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Development of a molecular tool for the diagnosis of the different avirulence genes of Phytophthora sojae isolates found in Canada

Chloé Dussault-Benoit: Université Laval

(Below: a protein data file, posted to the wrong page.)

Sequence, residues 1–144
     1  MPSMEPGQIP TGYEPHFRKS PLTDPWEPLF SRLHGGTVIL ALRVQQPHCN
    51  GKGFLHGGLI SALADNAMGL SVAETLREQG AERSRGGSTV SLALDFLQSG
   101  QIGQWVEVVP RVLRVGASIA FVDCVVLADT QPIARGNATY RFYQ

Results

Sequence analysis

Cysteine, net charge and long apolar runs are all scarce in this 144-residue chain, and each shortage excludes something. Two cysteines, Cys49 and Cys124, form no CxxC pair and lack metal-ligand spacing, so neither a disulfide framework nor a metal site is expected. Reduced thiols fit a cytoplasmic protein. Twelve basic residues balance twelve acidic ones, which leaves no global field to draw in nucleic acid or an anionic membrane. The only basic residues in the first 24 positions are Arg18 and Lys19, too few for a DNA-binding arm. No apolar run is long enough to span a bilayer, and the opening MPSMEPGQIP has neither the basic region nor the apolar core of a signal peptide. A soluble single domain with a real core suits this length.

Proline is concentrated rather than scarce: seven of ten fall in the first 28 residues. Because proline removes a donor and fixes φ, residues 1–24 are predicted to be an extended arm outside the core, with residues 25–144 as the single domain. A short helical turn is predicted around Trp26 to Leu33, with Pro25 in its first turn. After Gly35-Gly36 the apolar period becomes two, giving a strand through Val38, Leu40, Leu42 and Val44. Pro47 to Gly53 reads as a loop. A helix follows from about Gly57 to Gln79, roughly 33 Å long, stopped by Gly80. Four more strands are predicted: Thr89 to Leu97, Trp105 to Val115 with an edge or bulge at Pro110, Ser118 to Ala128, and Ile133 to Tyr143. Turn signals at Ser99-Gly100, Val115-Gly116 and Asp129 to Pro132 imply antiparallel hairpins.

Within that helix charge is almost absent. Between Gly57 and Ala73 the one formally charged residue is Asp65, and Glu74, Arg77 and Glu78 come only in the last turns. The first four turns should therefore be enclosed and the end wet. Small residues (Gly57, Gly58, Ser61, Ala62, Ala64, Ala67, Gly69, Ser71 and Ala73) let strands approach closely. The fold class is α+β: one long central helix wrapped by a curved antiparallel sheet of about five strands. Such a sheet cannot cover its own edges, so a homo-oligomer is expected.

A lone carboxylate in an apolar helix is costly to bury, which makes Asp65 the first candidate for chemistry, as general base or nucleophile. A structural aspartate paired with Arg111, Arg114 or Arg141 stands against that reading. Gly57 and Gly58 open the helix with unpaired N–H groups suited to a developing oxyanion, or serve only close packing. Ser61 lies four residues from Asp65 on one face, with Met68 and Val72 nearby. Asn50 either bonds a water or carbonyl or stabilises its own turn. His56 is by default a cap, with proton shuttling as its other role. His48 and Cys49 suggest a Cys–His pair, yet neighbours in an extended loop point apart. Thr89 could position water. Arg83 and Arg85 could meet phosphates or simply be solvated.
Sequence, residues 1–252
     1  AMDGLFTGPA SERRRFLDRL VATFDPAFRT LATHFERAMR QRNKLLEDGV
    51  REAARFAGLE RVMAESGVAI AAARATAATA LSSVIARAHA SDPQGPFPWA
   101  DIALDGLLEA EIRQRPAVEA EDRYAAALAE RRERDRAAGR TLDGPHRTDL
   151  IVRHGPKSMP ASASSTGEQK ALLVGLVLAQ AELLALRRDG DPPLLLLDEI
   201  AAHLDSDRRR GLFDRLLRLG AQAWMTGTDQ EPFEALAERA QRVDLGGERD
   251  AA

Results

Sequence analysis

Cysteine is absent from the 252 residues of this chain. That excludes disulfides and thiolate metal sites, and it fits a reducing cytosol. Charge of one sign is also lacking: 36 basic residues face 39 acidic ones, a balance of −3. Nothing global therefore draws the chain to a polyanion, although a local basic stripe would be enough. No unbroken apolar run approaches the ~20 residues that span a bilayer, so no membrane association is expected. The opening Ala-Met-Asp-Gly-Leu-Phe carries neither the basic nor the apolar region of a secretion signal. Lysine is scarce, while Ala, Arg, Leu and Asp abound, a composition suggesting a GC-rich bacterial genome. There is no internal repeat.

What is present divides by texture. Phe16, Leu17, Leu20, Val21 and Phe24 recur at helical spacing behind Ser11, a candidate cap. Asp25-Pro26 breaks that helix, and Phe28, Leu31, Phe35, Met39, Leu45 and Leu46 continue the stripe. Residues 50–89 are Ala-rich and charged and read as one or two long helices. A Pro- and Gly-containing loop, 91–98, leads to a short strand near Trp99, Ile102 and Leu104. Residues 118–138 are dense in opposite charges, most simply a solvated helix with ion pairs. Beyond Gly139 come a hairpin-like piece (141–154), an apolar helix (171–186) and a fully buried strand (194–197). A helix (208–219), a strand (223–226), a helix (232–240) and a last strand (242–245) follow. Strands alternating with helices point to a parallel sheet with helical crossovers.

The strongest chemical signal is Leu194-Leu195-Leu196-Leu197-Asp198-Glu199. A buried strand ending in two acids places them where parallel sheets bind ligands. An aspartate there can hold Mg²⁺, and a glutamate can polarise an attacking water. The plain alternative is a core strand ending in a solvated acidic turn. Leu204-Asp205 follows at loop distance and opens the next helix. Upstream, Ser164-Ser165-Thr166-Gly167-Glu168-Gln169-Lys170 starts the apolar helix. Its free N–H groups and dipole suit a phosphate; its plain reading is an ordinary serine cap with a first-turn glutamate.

<div><em>Phytophthora sojae</em> is an oomycete pathogen of soybean, responsible for yearly economic losses of $1-2 billion worldwide. The most effective method to fight this pathogen is the use of resistant genes (<em>Rps</em>), counterparts of avirulence genes (<em>Avr</em>) in <em>P. sojae</em>. In Canada, a recent survey of nearly 300 <em>P. sojae</em> isolates identified many pathotypes deficient in one or several of seven <em>Avr</em> genes: <em>Avr1a, Avr1b, Avr1c, Avr1d, Avr1k, Avr3a, Avr6</em>. Currently, the identification of <em>P. sojae</em> pathotypes is often based on a phenotyping approach (hypocotyl assay) using soybean differential carrying <em>Rps</em> genes, but this method is cumbersome and imprecise. In this study, our objective was to develop a molecular tool that would lead to a rapid and precise diagnosis of the presence of <em>Avr</em> genes in <em>P. sojae</em> isolates. For this purpose, we relied on genome sequencing data of 31 isolates. Discriminant markers were identified for each <em>Avr</em> gene. Specific primers for these markers were designed to characterize the virulence profile of each isolate. Each primer amplified DNA fragments of different lengths on an agarose gel. Subsequently, the primers were pooled together in a multiplex PCR and tested against all isolates to confirm their specificity and ability to identify the exact pathotypes of each isolate. This new molecular tool will find applications in the characterization of the precise virulence profiles of <em>P. sojae</em> isolates found in expanding soybean productions in Canada and elsewhere.</div>